Lighting plays a HUGE factor in algae growth. I have SERIOUS green algae in my 2.5 gallon because my boy is 'scared' of the dark so his light is on at all times. This has got to stop!! Try and limit lighting to the tank. Whether it is direct or not, they're still getting light. I'm switching my 2.5 over to a daylight 6500k bulb so I can keep it on for 8 hours then shut it off. This will help me... It can help you as well! Keep the tanks out of areas that tend to get light 10-12 hours per day... this will only handicap you. (6500k daylight bulbs Zoo Med at Pecto, only need 1 and it is $9.99.)

Algae just loves the ammonia/nitrates/nitrites. Keep frequent water changes high! Try 2 water changes per week... 50-75% with vacuuming 2x per week and every other week replace one with a 100%. This should help you out.

Hopefully this gets you off to a good start! Also, if you see diatoms, remove it immediately! They will bloom and such and produce more! Your snail/shrimp crew is to keep it down, not solve the WHOLE problem. They can have supplemented diets! Don't wait for them if there's an obvious amount.
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Old 11-28-2011, 07:37 PM   #8 
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@laughing.. Seriously that much in a 2.5g.. I think that a betta & a narite snail would be pushing it.. Much less the betta and 1-2 narites & 2-3 shrimp.. Just too much in such a small space..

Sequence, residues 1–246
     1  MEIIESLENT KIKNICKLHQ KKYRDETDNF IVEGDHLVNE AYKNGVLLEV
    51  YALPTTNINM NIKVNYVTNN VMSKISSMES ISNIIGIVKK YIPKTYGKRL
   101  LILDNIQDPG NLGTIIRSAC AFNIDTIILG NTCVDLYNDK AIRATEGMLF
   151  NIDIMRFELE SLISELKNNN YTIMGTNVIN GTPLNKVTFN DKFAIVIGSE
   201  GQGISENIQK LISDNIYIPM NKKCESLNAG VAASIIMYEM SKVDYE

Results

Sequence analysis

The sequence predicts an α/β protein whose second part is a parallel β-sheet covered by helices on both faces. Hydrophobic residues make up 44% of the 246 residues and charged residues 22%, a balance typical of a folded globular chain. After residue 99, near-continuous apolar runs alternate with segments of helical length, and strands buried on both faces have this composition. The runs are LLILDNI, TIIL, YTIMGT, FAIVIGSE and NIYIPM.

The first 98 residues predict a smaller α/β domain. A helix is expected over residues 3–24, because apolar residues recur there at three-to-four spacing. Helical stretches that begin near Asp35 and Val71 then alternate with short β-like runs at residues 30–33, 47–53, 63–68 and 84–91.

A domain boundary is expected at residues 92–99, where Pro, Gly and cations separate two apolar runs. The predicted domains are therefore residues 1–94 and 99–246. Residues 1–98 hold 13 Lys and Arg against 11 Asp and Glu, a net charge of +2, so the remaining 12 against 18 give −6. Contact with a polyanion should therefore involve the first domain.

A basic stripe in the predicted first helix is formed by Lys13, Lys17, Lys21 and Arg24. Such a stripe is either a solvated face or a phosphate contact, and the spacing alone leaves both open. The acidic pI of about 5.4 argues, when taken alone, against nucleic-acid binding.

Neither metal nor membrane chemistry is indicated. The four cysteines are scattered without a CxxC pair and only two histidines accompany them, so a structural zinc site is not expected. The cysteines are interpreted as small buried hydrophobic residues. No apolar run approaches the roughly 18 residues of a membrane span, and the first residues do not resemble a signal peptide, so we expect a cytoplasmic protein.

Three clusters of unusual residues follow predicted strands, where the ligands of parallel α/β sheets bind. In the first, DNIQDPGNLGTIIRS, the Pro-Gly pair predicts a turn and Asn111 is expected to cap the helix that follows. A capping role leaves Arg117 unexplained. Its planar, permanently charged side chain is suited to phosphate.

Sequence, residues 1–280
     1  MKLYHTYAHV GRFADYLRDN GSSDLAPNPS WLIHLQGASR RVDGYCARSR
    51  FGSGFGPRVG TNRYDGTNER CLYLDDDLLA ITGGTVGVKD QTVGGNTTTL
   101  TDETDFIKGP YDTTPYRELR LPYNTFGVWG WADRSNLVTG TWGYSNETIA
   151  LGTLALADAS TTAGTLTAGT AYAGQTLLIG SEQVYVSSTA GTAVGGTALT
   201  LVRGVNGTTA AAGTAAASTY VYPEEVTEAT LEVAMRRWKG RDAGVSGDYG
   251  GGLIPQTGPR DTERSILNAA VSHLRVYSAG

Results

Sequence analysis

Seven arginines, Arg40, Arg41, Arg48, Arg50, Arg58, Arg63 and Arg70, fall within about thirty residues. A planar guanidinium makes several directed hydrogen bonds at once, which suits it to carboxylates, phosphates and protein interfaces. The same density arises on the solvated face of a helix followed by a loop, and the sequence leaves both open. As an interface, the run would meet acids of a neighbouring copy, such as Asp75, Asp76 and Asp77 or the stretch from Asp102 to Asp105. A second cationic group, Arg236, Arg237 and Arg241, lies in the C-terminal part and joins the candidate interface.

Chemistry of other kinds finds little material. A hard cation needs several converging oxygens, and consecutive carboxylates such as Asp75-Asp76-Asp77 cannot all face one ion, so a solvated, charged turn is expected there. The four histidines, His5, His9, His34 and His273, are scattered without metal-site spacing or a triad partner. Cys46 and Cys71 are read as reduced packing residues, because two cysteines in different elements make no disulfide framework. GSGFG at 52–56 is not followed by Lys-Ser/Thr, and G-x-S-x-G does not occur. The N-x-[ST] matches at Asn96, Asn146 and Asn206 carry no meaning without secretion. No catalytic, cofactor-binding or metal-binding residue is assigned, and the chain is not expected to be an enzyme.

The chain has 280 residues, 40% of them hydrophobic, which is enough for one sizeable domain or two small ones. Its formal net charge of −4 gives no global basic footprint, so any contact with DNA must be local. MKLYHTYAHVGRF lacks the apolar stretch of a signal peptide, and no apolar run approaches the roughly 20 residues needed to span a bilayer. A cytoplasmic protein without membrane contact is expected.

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Old 11-28-2011, 09:51 PM   #9 
Draug Isilme
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Yeah, I agree with bastage. The narite snails might only grow up to an inch, but even so... Betta's get up to 2.5 inches, and like I said, snails expell waste aLOT (which would mean you'd increase the ammonia and nutrients the diatoms is taking in)... I think shrimp would be an okay idea, I've never tried it myself, but they don't produce too much ammonia, but I'm more of a fan of the 'inch per gallon' rule. It's not just for the size of the animal, but for the size of the waste as well.... You'd end up having to do a crap load of more changes, especially since it's a non-cycled 2.5g. Personally, if you'd like to go this route, it'd be best if you got another tank for your snails/shrimp/ottos- pretty much what laughing suggested.